Constructing a Future: Top Buildings in 2012

You may hear different opinions on the subject but there is substantial proof that 2012 was a fruitful year for innovative construction in the U.S. The industry is an intensive and volatile one, heavily affected by an economic downturn. There are also many laws and regulations to follow, which make it a difficult playground: from planning and construction permits to contract surety bonds on the projects, acting as a safety net and guaranteeing to their clients and the project owners that they will fulfill their contractual obligations.

Nonetheless, there was an amazing amount of successful construction during 2012, and it is worth mentioning a few. These are also buildings of social importance that have taken steps into the future with their design and purpose.


Palomar Medical Center: the “Hospital of the Future” in California


Palomar Health Center
DPR Construction

Let’s take a closer look at a resoundingly successful project: the Palomar Medical Center in Escondido, California. Even before its opening in August 2012, the Center was deemed to be the “Hospital of the Future” because of its innovative design and construction. The $660-million project begun in 2007, and the construction management was taken over by DPR Construction in 2008. The process has been an intensive one, as the team had to re-plan a lot on the way, while still concluding the construction by the set date so that the facility could open its doors for patients. The Palomar Medical Center already has two awards – the ENR California Best Projects 2012 and the ENR National Best of the Best Projects 2012, and there are certainly good reasons for that. The design, conducted by CO Architects, embeds a multitude of sustainable features, aiming at both the patients’ and the staff’s well-being and comfort, as well as at consuming minimal amounts of water and electricity. The area of the Center is 740,000 sq. ft. distributed over 11 floors, which include 12 operating rooms and 50 rooms in the trauma center and can host up to 360 patients. With a living green roof and many terraces, the cutting-edge hospital space creates a real healing atmosphere. It is also one of the most technologically advanced hospitals in the U.S.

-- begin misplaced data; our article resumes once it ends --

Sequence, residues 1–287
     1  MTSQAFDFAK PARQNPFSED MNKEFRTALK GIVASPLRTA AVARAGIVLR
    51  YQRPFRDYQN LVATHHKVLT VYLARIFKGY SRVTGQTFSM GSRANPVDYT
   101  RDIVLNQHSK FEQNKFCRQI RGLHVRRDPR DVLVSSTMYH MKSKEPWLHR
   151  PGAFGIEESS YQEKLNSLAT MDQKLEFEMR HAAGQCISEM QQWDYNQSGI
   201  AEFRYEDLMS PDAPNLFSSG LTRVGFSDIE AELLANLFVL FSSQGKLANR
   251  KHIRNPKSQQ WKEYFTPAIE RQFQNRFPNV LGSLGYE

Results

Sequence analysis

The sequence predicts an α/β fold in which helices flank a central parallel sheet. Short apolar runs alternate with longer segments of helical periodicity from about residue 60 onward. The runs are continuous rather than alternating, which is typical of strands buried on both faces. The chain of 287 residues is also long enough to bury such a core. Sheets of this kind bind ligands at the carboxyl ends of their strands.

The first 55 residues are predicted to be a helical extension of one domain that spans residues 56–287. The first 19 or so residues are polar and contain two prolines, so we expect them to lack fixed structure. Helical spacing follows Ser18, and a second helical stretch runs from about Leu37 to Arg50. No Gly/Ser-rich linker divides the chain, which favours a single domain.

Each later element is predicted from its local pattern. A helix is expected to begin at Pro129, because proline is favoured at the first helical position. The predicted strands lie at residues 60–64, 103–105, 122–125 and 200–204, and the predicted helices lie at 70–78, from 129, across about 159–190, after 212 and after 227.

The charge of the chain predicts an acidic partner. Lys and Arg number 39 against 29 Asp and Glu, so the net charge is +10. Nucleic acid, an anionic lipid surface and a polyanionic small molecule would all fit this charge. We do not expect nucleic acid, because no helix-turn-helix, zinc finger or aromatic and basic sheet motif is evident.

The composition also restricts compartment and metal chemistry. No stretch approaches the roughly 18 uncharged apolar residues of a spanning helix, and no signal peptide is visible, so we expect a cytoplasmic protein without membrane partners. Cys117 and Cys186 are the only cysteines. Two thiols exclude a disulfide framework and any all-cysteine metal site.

UW Molecular Engineering & Sciences Building: Future Science, Technology and Sustainability


Ben Benschneider / ZGF Architects

Another noteworthy project is the $77 million University of Washington Molecular Engineering & Sciences Building, completed in September 2012. Designed by Zimmer Gunsul Frasca Architects, the building hosts the Molecular Engineering & Sciences Institute, the Center for Nanotechnology, and the Nanotech User Facility in an integrated manner incorporating the multifaceted molecular engineering field. With an area of 90,300 sq. ft., the project includes innovative features not only in terms of sustainability and energy saving, but also from a social perspective by encouraging collaboration and allowing reconfiguration of working spaces, and of course providing modern open laboratories. The Molecular Engineering & Sciences Building is outstanding also in the sense that it is one of the first facilities in the U.S. that gives space for development to the innovative research area of molecular engineering, as well as incorporating cutting-edge technology.


The David and Lucile Packard Foundation: Thinking of the Future


David and Lucile Packard Foundation Headquarters
Photo Credit: David Livingston

The most striking feature of the new $37.2-million headquarters of the David and Lucile Packard Foundation, a fund provider for non-profit organizations, is its net zero energy use, which has earned its LEED Platinum certification from the U.S. Green Building Council. Showing the innovative spirit of the organization, even the pre-construction phase was important, as 95% of the waste from the deconstruction of the old buildings was recycled or reused. The two-storey, 49,000-sq.-ft. building uses the most current sustainability features like photo-voltaic panels. It also collects water from rain and storms.  The Foundation’s idea is to spur further change through promoting sustainability in organizations and energy innovation in offices, and their new building is a clear mark of dedication to the future. With DPR Construction as the contractor and EHDD as the architect, the project is an innovation for Los Angeles and for California in general, as it is the largest net zero energy use office in the state.

Back to basics

As seen through these examples, the construction industry in the U.S. is, indeed, producing interesting, innovative, sustainable and technologically advanced constructions despite the challenges of the current times and the amount of rules and regulations in the field. A peek behind the building curtain: there are varying construction laws and necessary permits for different purposes, as well as a requirement to obtain a contractors bond for construction projects.